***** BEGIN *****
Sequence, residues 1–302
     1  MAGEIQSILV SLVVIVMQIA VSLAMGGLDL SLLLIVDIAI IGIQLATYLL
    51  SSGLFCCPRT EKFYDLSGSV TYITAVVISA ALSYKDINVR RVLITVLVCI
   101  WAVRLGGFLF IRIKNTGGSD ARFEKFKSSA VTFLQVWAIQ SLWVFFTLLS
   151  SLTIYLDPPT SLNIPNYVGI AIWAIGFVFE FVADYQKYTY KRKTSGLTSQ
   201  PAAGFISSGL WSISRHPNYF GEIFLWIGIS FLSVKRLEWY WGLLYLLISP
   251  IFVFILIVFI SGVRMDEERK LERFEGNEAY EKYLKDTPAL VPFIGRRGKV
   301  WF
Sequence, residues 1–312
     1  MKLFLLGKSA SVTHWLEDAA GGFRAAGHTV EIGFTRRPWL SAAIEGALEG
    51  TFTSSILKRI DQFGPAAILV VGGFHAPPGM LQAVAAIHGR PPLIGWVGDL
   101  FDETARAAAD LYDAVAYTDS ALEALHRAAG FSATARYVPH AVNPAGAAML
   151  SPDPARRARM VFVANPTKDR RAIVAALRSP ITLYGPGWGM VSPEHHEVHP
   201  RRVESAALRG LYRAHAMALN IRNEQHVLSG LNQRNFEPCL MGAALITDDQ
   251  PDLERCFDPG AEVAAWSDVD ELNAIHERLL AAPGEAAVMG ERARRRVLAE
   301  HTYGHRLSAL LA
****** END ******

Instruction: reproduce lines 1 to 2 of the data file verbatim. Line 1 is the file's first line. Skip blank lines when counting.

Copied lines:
Sequence, residues 1–302
     1  MAGEIQSILV SLVVIVMQIA VSLAMGGLDL SLLLIVDIAI IGIQLATYLL